Of his preaching style, he told the magazine: “I like playing with words and structure. Marching up to an idea, saluting, backing off, making a feint, and then turning around. I use the Harvard version of call and response, which is just as effective as all the hooting and hollering of a Baptist church.’’
Seamus Heaney, the Irish poet and Nobel Laureate, told The New Yorker that Rev. Gomes’s “style is full of cadence, roguery, and scampishness, which is redemptive. With Gomes there is always an element of masquerade as he tempts his audience into complicity.’’
The man who during four decades at Memorial Church would become known as the conscience and soul of Harvard was the grandson of a Baptist preacher and was baptized a Catholic.
His father was a cranberry farmer who emigrated from the Cape Verde Islands. His mother was raised in Boston’s black upper-middle-class, graduated from New England Conservatory, and played organ and directed the choir at the predominantly white Baptist church Rev. Gomes attended as a child. Her family was also his link to the years before the Civil War and emancipation.
“I have always considered myself an heir of slavery, for I am only two generations removed from it,’’ Rev. Gomes wrote in “The Good Life.’’
An only child, he learned the valuable spiritual lessons taught by failure. Held back his first time through second grade, he was taunted as “Peter the Repeater,’’ he wrote in “The Good Life.’’ The experience turned him into an overachiever.
“Religion is nearly always the experience of the twice-born, the second birth, the new creation, the reprieve, and the renewal,’’ he wrote.
Rev. Gomes graduated with a bachelor’s degree in 1965 from Bates College in Lewiston, Maine, and aspired to become a curator at the Museum of Fine Arts when a religion professor persuaded him to give Harvard Divinity School a try. To his father’s chagrin, it was a good fit.
“When I told my father I wanted to go into the ministry, he said, ‘I had hoped my son would do honest work,’ ’’ Rev. Gomes told the Globe in 1991. “He expected me to go into the bogs like he did. I have spent the rest of my life trying to persuade father I was doing honest work.’’
After graduating from Harvard Divinity School in 1968 with a bachelor’s degree in sacred theology, he taught for two years at Tuskegee Institute in Alabama before returning to Harvard in 1970 as assistant minister of Memorial Church. The sojourn in the South was eye-opening.
“I saw more black people in my first half hour at Tuskegee than I had ever seen in my entire life,’’ he told The New Yorker.
Within four years of returning to Cambridge he was leading the church, where he became the Plummer Professor of Christian Morals and Pusey Minister at Memorial Church.
“I always liked to call Peter the bishop of Harvard,’’ Bishop M. Thomas Shaw of the Episcopal Diocese of Massachusetts said in a statement. “I’m so grateful for his ministry, particularly to the Episcopal Church, and the way he encouraged so many in their vocations. He was a singular man, and I’ll miss the example of his deep commitment to the Gospel, his keen mind, and his outrageous sense of humor.’’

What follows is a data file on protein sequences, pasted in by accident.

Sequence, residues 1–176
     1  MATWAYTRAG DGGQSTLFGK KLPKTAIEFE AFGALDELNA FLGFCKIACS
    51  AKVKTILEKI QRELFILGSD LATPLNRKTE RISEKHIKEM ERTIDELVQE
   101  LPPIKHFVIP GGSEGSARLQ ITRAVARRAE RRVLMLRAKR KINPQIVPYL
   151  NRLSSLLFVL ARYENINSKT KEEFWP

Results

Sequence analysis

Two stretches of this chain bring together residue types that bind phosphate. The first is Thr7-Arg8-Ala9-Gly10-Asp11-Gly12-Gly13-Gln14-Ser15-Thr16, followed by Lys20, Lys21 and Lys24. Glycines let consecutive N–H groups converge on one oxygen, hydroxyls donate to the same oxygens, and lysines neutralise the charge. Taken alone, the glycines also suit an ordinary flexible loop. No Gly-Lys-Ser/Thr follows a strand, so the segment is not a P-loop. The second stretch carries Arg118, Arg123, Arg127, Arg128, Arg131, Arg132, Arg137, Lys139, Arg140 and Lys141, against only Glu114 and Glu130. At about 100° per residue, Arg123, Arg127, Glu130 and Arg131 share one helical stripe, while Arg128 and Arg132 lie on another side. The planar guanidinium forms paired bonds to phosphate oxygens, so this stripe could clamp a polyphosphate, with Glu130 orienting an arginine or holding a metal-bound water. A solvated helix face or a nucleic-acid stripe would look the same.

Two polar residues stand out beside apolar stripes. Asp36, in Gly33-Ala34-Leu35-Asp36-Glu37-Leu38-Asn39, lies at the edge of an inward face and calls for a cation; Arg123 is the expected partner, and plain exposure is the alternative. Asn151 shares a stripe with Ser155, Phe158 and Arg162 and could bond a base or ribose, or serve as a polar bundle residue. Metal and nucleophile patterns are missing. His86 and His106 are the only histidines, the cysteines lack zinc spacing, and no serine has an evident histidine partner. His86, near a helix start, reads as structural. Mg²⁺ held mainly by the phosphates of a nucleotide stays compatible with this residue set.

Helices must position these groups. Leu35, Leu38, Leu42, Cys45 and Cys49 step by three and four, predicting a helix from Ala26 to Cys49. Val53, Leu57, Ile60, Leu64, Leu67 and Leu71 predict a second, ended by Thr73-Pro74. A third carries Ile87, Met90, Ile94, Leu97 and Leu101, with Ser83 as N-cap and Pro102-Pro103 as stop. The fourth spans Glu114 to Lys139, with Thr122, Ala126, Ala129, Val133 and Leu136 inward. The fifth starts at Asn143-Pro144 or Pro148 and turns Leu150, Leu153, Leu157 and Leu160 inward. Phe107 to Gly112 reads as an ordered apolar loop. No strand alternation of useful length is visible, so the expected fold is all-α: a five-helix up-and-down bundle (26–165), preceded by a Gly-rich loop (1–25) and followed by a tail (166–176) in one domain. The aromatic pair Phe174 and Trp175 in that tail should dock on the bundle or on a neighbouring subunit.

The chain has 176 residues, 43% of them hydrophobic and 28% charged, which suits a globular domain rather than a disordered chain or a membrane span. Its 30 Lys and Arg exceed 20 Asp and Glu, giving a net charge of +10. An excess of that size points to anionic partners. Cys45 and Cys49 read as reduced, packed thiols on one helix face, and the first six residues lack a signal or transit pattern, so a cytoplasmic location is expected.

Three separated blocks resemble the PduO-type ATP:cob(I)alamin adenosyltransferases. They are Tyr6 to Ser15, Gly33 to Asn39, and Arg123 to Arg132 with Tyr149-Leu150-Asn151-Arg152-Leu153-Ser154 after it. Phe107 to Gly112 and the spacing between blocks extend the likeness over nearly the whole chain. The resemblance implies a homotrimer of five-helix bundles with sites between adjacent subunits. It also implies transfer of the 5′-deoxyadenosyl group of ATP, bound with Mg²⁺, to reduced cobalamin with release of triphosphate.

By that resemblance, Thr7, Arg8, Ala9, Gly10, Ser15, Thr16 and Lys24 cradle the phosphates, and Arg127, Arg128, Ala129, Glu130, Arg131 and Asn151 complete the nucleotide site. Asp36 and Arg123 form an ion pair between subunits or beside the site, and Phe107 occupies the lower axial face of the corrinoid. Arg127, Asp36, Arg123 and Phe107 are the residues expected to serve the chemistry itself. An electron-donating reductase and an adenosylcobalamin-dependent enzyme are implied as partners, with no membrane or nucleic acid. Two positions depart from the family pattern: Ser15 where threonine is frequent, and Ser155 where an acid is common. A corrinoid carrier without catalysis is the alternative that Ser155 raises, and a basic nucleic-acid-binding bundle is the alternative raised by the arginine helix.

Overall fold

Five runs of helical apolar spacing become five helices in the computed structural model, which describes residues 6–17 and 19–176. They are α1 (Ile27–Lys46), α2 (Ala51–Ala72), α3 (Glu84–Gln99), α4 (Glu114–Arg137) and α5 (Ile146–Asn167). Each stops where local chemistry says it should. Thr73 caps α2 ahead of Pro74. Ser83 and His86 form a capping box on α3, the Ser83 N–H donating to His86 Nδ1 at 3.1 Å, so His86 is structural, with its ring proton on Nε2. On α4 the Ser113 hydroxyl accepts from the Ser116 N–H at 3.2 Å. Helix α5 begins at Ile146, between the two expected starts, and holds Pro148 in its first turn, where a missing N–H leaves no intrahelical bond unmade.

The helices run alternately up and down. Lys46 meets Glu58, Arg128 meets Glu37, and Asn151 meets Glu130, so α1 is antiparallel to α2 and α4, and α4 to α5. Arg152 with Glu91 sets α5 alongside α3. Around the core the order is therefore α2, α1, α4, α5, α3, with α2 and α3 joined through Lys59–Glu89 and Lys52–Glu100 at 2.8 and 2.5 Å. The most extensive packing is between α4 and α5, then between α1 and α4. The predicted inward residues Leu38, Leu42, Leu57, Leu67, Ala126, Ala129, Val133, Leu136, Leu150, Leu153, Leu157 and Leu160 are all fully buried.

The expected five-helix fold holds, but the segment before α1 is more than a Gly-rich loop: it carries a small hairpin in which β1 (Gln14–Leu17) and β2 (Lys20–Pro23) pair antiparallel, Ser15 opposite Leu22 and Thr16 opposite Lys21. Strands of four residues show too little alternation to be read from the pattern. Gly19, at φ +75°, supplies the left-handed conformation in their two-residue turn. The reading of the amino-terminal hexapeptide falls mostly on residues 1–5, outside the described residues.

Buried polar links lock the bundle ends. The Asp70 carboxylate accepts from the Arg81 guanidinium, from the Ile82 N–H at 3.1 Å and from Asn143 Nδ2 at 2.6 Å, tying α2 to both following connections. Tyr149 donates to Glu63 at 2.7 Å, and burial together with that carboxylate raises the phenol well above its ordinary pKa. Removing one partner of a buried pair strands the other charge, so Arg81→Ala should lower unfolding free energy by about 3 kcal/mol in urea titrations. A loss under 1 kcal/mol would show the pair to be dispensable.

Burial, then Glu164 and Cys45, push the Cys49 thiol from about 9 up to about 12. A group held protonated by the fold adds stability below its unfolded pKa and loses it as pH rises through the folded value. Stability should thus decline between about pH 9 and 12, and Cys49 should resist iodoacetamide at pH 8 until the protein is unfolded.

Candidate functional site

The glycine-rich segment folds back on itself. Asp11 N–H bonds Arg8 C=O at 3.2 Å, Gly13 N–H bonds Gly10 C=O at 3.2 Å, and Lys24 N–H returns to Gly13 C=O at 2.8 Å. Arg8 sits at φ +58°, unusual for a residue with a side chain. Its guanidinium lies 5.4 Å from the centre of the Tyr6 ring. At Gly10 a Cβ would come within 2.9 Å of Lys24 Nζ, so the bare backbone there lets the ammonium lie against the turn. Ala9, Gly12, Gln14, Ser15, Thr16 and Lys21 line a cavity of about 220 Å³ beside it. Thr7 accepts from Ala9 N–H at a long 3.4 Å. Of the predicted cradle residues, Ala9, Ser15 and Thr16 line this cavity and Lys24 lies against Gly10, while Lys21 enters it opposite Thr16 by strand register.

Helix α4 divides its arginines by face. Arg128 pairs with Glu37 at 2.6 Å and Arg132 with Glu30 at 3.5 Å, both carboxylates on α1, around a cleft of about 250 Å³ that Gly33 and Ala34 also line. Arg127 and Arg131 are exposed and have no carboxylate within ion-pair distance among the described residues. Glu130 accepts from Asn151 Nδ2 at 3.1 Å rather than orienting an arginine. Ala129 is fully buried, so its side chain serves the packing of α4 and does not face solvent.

The affection Rev. Gomes harbored for Harvard was evident in a course he taught on the history of the university and its presidents.
“He was someone who was at home in the Harvard archives, on speaking terms with generations of the dead,’’ said his longtime friend Diana Eck, professor of comparative religion and Indian studies at the university.
“That was also true of Plymouth. Peter was kind of the mayor of historical Plymouth, someone who could point out every landmark and tell an anecdote about every person. He cared about history in a way that was quite intimate.’’
Therese Murray, president of the Massachusetts Senate and a longtime Plymouth resident, said that Rev. Gomes “wasn’t just a voice against intolerance; he was a voice for acceptance.’’
“By his very nature, his words and the way he lived his life, the reverend taught us the value of people and the importance of love, understanding that we are equal and with purpose,’’ her statement said. “We are proud to call him a son of Plymouth and of history.
“He was the spiritual pillar of our community and the Commonwealth, a great teacher, author, and orator who changed so many lives for the better.’’
A memorial service will be announced for Rev. Gomes, whose life will be honored at Memorial Church in Harvard Yard tomorrow beginning at 9 a.m. and concluding with a service of Compline at 10 p.m.
Rev. Gomes, who planned to retire in 2012 when he turned 70, experienced heart problems in 2009, and doctors installed a pacemaker.
About a year ago, he told The Crimson, Harvard’s student newspaper, that he was putting off writing a memoir until retirement.
“If you’re too candid while you’re still in service — well, you can get in a lot of trouble,’’ he said.
Bryan Marquard can be reached at firstname.lastname@example.org.